Lead Researcher(s): Angel Arnaout
Lead Institution: Ottawa Hospital Research Institute
Co-Investigators: Janet Squires, Carl Van Walraven, Mark Clemons
ARCC Program Area(s): Health Systems, Services, and Policy
Funding Term: 2017
Breast cancer is the most common cancer in Canadian women with over 24,000 diagnosed annually. Contralateral prophylactic mastectomy (CPM) is the removal of the other, non-cancerous breast in a patient with known unilateral breast cancer. The low incidence of contralateral breast cancer, the lack of survival benefit of CPM, and the increased morbidity from having CPM do not justify its use in the majority of women with unilateral breast cancer. As such, international evidence-based guidelines “strongly discourage” the use of CPM in most women with unilateral breast cancer. Studies in the US have demonstrated a sharp increase in CPM in the recent years as an ‘overaggressive’ treatment of unilateral breast cancer. No study exists to demonstrate similar trends in Canada on a large scale, although small reports have suggested it.
- to describe the trend in the rates of unilateral and bilateral mastectomy in women diagnosed with unilateral breast cancer in Ontario
- to describe the factors associated with having a unilateral versus bilateral mastectomy to treat unilateral breast cancer.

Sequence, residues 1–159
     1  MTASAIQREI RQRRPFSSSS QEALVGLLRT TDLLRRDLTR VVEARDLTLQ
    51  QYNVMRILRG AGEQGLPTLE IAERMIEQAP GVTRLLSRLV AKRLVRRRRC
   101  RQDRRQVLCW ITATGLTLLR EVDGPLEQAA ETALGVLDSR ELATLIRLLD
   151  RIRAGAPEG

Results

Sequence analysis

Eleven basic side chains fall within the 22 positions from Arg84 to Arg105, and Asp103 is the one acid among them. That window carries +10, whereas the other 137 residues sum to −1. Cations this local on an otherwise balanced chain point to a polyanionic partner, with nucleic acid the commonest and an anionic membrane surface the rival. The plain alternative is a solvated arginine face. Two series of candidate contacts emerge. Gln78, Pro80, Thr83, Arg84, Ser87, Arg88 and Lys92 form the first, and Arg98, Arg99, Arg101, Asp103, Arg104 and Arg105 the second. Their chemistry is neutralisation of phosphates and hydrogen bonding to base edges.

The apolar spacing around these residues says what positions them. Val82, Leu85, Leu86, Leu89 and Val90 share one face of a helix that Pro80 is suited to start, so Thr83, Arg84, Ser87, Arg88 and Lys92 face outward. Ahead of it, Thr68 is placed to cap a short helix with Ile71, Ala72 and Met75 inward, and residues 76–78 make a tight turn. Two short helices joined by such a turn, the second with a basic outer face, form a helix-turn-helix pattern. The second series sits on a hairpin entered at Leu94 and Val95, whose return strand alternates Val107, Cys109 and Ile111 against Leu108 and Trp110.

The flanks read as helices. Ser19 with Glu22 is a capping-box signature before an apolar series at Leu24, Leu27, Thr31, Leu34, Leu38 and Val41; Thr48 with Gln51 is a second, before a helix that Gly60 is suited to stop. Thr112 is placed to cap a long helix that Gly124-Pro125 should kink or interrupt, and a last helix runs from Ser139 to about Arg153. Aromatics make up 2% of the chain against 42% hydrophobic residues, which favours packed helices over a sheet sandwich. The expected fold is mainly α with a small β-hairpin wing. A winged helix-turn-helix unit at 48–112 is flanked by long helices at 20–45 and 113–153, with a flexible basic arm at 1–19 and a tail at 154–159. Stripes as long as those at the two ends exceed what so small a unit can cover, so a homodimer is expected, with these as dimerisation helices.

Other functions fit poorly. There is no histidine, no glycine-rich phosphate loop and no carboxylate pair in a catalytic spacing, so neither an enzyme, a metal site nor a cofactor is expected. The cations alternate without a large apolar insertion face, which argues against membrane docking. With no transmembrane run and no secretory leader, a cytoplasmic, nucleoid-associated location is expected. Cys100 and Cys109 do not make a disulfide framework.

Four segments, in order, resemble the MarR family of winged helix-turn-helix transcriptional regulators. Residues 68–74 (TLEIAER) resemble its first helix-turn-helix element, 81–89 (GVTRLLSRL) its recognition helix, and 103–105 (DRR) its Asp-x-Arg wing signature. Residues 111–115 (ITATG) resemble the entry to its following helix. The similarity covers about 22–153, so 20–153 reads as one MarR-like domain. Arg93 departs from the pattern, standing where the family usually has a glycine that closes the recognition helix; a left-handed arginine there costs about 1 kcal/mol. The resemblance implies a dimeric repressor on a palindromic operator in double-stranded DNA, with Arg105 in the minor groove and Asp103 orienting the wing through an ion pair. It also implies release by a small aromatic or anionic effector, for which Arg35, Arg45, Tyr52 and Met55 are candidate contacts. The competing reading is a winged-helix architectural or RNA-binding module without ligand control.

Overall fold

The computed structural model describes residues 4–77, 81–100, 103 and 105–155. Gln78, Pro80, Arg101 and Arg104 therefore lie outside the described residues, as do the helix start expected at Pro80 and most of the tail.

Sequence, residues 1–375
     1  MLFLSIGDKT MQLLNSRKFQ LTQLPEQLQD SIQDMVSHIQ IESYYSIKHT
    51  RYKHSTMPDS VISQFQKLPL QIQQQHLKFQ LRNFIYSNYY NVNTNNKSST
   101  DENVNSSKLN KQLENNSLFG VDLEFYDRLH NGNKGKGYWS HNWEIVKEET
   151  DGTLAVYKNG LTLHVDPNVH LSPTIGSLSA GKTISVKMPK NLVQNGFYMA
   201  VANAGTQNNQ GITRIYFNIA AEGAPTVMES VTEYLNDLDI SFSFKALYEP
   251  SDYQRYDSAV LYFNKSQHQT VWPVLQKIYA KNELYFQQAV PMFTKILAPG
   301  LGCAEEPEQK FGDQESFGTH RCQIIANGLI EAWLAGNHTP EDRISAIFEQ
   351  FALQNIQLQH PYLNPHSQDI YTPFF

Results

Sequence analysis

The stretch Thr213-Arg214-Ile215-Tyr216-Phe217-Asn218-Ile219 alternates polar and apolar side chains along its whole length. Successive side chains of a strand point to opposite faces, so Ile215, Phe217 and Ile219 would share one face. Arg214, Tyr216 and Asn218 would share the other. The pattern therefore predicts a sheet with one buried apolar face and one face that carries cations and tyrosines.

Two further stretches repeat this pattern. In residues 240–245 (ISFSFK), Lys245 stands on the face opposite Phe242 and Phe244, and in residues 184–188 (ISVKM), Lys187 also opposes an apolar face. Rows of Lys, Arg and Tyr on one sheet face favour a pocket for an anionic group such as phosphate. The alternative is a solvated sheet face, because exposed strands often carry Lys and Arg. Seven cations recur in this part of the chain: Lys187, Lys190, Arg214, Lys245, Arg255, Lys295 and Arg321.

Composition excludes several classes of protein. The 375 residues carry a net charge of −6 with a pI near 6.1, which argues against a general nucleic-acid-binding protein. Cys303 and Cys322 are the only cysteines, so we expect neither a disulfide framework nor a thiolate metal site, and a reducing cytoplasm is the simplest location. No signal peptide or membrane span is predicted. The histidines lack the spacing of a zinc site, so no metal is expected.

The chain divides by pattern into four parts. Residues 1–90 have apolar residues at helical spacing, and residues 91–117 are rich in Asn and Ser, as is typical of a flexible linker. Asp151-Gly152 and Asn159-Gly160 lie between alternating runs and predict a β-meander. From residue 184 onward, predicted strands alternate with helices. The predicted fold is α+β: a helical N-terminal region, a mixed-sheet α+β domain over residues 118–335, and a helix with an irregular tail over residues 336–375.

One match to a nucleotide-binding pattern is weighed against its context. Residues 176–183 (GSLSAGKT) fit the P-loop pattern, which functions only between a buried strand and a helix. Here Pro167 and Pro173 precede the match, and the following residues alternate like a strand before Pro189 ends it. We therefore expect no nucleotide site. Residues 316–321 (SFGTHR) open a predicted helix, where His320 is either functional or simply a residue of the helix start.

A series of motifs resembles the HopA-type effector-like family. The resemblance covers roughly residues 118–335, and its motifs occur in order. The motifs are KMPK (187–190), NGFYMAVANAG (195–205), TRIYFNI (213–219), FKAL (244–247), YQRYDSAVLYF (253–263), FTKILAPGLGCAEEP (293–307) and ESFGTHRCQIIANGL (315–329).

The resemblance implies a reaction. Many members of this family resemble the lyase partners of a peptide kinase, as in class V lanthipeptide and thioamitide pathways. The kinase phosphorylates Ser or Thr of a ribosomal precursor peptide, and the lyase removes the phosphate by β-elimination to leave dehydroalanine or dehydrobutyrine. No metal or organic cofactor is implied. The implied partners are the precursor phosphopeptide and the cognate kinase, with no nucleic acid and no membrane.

In the last two years, our team has successfully obtained two knowledge translation grants on the topic of CPM
(Ontario Institute of Cancer Research/Cancer Care Ontario KT-Net Grant and the Canadian Cancer Society KT-A Grant) to address the enablers and barriers of performing CPM. We have conducted and recently completed semi-structured interviews with knowledge user groups across Canada (patients and health-care providers involved are: breast surgeons, plastic surgeons, medical and radiation oncologists, nurses). Based on the results of our interviews, we have recently designed a multifaceted KT intervention in efforts to reduce this non-evidence based practice. This multifaceted KT intervention involves educational outreach, development of Canadian National Consensus Guidelines on CPM, and a decision aid tool for patients. Based on the findings of this study, we can now identify geographic, socioeconomic, demographic, and practice set-up factors that contribute to the problem of rising CPM use in Canada. This knowledge of geographic variability in CPM rates can now help us tailor our KT interventions to the local contexts of different regions; and more effectively target our intervention and dissemination efforts to areas and groups that need it most in order to achieve the highest impact.
Completion of this ARCC-funded study will now allow us to proceed to a) design a pragmatic cluster randomized de-implementation trial to test our multifaceted, geographically tailored intervention and b) perform an economic analysis of the cost of this inappropriate non-evidence based practice currently; the cost savings after the de-implementation intervention; and the cost of the de-implementation strategy.